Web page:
CBS Sports is pulling out all the stops for its live telecast of Super Bowl 50 on February 7, from having the sportscasters wear the original jackets from the first Big Game in 1967 to unveiling a new logo for the division.
In addition to revealing details of the network’s celebration, CBS Sports Chairman Sean McManus also indicated that the network is in talks with the NFL to renew its Thursday Night Football package, but he said a decision won’t be final before the Super Bowl. “We’re in a wait-and-see period in terms of the NFL getting back to us,” he said today at TCA in Pasadena. “They’ll decide what’s best for them — the product and the effort that we established on Thursday night.”
Starting the Monday prior to Super Bowl Sunday, at 8 PM every weeknight, there will be a minute-long live promo for the Big Game from San Francisco or Santa Clara, CA, site of Super Bowl host Levi’s Stadium. There also will be three two-hour specials during the first week of February: Greatest Super Bowl Commercials on Tuesday, February 2; Greatest Super Bowl Half Time Shows on Friday; and NFL Honors on Saturday. A different one-hour version of Greatest Super Bowl Commercials will serve as a lead-in to NFL Honors.
Gayle King To Interview President Obama & First Lady On Super Bowl Sunday - TCA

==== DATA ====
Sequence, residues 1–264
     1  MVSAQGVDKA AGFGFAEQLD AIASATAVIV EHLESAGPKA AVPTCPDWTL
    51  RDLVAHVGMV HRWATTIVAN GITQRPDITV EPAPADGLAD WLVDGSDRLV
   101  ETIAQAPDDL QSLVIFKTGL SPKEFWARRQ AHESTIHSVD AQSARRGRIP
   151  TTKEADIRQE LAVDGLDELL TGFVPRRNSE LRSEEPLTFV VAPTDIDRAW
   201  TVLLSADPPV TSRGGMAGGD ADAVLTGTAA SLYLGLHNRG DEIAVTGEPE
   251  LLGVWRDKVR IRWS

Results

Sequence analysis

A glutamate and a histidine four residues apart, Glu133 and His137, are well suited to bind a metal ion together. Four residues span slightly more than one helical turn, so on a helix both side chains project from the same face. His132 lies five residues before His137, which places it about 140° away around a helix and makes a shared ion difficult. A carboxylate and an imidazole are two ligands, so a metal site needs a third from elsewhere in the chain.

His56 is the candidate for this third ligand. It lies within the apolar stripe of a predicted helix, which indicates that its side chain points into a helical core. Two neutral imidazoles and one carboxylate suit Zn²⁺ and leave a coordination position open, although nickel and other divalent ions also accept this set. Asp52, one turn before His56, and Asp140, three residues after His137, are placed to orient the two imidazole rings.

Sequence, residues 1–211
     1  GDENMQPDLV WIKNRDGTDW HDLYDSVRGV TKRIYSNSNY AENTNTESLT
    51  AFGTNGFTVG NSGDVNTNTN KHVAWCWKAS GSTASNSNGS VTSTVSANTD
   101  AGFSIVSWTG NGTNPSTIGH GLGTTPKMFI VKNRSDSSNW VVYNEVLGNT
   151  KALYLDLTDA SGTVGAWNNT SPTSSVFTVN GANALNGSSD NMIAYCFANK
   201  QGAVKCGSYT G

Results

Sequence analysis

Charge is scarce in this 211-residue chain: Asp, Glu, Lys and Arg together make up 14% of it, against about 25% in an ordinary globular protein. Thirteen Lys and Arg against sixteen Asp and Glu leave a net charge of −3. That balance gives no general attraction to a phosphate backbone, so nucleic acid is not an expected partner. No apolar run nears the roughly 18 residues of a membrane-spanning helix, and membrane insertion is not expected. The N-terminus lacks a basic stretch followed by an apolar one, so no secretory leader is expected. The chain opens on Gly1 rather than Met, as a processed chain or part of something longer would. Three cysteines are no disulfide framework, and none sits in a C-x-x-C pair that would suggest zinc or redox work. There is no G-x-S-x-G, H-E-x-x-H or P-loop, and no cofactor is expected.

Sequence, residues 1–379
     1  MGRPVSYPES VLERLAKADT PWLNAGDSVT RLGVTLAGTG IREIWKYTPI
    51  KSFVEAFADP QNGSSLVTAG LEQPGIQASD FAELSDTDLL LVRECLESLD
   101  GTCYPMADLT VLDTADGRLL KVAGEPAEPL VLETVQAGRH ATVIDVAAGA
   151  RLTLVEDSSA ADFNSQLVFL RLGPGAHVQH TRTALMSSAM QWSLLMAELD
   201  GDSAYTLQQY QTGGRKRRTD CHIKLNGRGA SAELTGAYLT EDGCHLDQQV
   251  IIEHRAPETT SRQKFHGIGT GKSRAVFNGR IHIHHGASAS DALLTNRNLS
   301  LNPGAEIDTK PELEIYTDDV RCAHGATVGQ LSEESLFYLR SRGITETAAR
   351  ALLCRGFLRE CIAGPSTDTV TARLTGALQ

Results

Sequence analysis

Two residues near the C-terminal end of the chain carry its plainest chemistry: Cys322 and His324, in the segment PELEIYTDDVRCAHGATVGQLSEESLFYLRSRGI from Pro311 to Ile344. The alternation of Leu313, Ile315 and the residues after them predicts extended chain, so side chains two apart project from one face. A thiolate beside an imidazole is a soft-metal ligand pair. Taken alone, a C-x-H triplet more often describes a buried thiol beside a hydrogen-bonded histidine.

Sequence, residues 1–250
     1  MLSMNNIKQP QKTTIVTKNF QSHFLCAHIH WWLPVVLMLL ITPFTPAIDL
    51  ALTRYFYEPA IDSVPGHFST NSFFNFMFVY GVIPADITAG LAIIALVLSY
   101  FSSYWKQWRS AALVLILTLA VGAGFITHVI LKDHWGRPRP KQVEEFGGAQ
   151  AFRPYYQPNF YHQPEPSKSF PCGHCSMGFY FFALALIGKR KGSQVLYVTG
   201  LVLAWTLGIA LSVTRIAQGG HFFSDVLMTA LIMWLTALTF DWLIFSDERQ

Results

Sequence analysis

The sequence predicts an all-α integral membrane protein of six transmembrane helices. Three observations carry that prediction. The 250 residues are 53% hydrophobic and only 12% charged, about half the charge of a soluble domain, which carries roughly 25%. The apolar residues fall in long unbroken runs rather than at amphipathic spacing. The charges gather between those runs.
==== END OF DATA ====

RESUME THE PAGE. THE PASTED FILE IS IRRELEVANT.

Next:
Here’s CBS’ lineup for Game Day (all times ET):
11 AM: Super Bowl 50: Before They Were Pros (NFL Films)
Noon: Road To The Super Bowl (NFL Films)
1 PM: Phil Simms’ All-Iron Team: Super Bowl Edition
2-6 PM: The Super Bowl Today
6 PM: Super Bowl On CBS Kick-Off Show
6:30 PM: Super Bowl 50
CBS Sports Network, the 24-hour cable home of CBS Sports, will debut its Super Bowl coverage with more than 75 hours of original programming including extended postgame coverage with Super Bowl Today Postgame Show, hosted by James Brown, Boomer Esiason, Bill Cowher, Tony Gonzalez and Bart Scott.
Today at TCA, CBS Sports’ Jim Nantz recalled how McManus put the NFL deal back together for CBS Sports so that the network ultimately would land Super Bowl 50.
“Eighteen years ago, I was here at TCA talking about CBS and the Olympics,” he said. “Sean was back in New York putting his last-ditch effort to make our network whole again. We were the original broadcaster of the NFL, and in December 1993 we lost it. Some of us stuck around, but it was four dark years. Now it came time for the contact rights to be negotiated … Sean began his day at the Black Rock by lighting a candle and saying a prayer at St. Patrick’s Cathedral. While we were having a cocktail reception at TCA, I received a cell phone call from Sean saying that he pulled it off, that CBS was back with the NFL again.”
During that phone call, Nantz calculated that CBS would definitely have Super Bowl 50 in what was a three-year network rotation cycle.
Back in June, it was decided that the NFL was taking a one-year break from using roman numerals for the game, due to any confusion that “L” would cause.
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